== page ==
Khartoum or Khartum ( ; ar, الخرطوم, Al-Khurṭūm, din, Kaartuɔ̈m) is the capital of Sudan. With a population of 5,274,321, its metropolitan area is the largest in Sudan. It is located at the confluence of the White Nile, flowing north from Lake Victoria, and the Blue Nile, flowing west from Lake Tana in Ethiopia. The place where the two Niles meet is known as ''al-Mogran'' or ''al-Muqran'' (; English: "The Confluence"). From there, the Nile continues north towards Egypt and the Mediterranean Sea. Divided by these two parts of the Nile, Khartoum is a tripartite metropolis with an estimated population of over five million people, consisting of Khartoum proper, and linked by bridges to Khartoum North ( ) and Omdurman ( ) to the west. Khartoum was founded in 1821 as part of Egypt, north of the ancient city of Soba. While the United Kingdom exerted power over Egypt, it left administration of the Sudan to it until Mahdist forces took over Khartoum. The British attempte ...
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List Of Heads Of State Of Sudan
This article lists the heads of state of Sudan since the country's independence in 1956. History of the office Since independence was proclaimed on 1 January 1956, six individuals (and three multi-member sovereignty councils) have served as head of state of Sudan, currently under the title President of the Republic of the Sudan. Prior to independence, Sudan was governed as a condominium by Egypt and the United Kingdom, under the name Anglo-Egyptian Sudan. As such, executive power was vested in a dyarchy consisting of both countries' heads of state – at the time of independence, the Queen of the United Kingdom ( Elizabeth II) and the Egyptian Revolutionary Command Council (headed by Gamal Abdel Nasser). Immediately following independence, the role of head of state was filled by a five-member Sovereignty Council, with rival nationalist factions unable to agree on a single candidate. In November 1958, General Ibrahim Abboud led a military coup d'état, assuming the rol ...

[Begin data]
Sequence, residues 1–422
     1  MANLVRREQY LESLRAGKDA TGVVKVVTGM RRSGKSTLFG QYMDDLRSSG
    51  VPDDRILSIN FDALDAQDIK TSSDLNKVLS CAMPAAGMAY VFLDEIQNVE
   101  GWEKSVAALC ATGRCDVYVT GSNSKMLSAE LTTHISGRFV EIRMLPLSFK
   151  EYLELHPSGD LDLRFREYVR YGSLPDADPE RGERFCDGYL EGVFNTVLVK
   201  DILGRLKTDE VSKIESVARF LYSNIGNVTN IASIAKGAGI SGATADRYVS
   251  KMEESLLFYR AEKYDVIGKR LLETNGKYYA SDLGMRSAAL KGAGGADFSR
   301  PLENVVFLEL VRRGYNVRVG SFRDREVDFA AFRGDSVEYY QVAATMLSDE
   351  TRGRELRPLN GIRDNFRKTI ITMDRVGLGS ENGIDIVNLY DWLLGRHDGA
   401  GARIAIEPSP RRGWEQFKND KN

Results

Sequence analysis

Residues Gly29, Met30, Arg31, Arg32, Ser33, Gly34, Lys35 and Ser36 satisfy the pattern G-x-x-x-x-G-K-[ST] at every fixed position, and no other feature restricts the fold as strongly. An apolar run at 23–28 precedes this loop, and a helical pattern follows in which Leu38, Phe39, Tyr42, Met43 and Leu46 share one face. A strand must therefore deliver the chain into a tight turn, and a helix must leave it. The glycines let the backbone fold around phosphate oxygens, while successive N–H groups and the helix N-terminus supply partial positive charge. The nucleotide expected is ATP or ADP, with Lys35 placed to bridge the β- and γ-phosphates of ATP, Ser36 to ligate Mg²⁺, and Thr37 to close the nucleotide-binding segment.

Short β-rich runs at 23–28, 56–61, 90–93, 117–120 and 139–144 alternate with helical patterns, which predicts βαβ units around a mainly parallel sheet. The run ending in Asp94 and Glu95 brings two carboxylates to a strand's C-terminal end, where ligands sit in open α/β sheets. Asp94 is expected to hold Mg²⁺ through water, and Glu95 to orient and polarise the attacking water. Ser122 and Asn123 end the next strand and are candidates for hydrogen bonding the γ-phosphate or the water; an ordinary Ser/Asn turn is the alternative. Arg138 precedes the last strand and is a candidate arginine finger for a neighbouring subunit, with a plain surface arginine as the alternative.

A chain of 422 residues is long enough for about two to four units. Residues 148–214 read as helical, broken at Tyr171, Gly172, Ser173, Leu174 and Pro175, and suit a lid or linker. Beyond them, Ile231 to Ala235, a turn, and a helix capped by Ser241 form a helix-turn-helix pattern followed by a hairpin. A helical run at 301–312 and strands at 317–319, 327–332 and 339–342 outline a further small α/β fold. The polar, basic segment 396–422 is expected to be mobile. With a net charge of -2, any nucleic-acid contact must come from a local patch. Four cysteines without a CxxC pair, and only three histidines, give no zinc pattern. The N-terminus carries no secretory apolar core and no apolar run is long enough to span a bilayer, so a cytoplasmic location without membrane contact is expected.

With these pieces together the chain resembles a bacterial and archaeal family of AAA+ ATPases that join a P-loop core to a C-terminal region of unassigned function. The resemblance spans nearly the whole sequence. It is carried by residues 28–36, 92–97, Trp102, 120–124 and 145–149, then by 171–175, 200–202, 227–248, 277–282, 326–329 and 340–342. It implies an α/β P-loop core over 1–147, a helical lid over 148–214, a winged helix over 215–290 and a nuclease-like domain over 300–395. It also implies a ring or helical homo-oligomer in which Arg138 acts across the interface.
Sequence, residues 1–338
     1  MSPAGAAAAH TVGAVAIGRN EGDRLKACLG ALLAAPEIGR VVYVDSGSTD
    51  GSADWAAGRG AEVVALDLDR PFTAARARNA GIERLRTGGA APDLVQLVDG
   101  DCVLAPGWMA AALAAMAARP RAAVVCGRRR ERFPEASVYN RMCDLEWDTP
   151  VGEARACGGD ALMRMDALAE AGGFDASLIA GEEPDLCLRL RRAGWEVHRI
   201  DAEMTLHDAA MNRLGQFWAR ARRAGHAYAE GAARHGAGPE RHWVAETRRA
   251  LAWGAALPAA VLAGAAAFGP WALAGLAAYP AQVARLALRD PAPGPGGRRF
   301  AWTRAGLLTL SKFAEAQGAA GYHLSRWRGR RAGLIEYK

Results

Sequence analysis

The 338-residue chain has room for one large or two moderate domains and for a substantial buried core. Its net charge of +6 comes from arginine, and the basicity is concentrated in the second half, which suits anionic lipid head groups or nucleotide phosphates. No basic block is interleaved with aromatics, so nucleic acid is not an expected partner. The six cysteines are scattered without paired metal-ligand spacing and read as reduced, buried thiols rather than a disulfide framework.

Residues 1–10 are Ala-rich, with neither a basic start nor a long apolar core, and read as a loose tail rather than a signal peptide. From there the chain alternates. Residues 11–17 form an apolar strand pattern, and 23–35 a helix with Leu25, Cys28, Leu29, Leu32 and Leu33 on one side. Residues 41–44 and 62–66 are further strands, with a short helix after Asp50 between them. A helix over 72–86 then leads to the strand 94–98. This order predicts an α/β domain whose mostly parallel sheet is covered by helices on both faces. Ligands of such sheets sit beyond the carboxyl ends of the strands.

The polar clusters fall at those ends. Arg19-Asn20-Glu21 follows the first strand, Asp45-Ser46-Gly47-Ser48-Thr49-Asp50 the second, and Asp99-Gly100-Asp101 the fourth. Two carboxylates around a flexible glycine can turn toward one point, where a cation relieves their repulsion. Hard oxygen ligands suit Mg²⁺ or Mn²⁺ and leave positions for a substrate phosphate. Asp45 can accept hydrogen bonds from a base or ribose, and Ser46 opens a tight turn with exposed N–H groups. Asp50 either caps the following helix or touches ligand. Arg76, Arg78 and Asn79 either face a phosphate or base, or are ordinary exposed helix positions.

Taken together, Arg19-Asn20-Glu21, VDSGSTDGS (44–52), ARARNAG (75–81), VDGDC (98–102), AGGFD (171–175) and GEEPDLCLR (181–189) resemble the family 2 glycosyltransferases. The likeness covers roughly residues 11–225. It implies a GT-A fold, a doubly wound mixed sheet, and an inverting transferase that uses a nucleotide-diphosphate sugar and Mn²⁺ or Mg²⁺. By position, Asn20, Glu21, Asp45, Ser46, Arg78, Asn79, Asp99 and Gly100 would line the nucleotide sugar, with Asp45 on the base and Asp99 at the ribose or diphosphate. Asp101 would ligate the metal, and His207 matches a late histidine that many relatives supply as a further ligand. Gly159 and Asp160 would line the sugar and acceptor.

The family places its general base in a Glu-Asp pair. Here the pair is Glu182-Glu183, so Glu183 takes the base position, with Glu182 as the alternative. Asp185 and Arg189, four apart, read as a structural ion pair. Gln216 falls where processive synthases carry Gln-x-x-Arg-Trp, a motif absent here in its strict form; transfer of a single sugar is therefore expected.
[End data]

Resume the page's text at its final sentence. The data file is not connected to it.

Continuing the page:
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Religion In Sudan
The dominant religion in Sudan is Islam at 90.7% of the population while Christianity forms 5.4% of the population according to Pew Research Center. In September 2020, Sudan constitutionally became a secular state after Sudan's transitional government agreed to separate religion from the state, ending 30 years of Islamic rule and Islam as the official state religion in the North African nation. It also scrapped the apostasy law and public flogging. Islam Up until 2010 (before the secession of South Sudan in 2011), the country was 80% Muslim; as of 2018, the proportion grew to 90%. Most Sudanese Muslims are adherents of the Sunni branch of Islam, a vast majority following the Maliki rites, although Shafi and Hanafi rites are also present. Shiaism and its related Mahdist ideology have recently grown in popularity in Sudan. A growing number of Shias, for example, have emerged in Khartoum and surrounding villages. Sufism and Shia Islam support Prophet Muhammad's bloodline, ...
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Demographics Of Sudan
The demographics of Sudan include the Sudanese people ( ar, سودانيون) and their characteristics, Sudan, including population density, ethnicity, education level, health, economic status, religious affiliations, and other aspects of the population. In Sudan's 1993 census, the population was calculated at 30 million. No comprehensive census has been carried out since that time due to the Second Sudanese Civil War. Estimates of Sudan, including the population of South Sudan, ranged from 37 million (United Nations) to 45 million (CIA). Since the secession of South Sudan in July 2011, the current population of Sudan is estimated to be about million. The population of metropolitan Khartoum (including Khartoum, Omdurman, and Khartoum North) is growing rapidly and ranges from six to seven million, including around two million displaced persons from the southern war zone, as well as western and eastern drought-affected areas. Population overview The majority of the population in ...
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Flag Of Sudan